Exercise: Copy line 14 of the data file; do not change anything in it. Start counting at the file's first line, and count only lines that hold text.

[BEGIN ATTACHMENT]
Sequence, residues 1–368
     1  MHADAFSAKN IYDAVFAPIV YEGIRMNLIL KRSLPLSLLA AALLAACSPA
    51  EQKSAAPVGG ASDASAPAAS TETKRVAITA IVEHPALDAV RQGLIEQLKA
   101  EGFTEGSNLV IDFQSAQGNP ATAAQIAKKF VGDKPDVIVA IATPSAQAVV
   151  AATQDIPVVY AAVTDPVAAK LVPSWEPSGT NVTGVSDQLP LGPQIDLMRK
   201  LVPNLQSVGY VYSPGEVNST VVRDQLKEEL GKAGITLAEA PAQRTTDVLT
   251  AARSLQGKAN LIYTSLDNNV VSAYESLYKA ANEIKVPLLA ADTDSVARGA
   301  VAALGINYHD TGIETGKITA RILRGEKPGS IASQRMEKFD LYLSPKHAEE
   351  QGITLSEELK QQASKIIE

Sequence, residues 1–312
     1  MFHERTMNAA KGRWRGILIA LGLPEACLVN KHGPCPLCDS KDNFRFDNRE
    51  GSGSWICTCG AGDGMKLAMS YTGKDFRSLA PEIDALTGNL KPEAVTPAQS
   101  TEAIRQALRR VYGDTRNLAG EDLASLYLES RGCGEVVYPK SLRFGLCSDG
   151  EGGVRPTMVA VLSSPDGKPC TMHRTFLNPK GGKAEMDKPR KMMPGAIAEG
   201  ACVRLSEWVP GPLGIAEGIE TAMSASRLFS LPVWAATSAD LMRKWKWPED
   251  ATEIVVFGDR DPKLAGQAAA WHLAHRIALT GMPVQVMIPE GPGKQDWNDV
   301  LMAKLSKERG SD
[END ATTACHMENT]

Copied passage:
   151  EGGVRPTMVA VLSSPDGKPC TMHRTFLNPK GGKAEMDKPR KMMPGAIAEG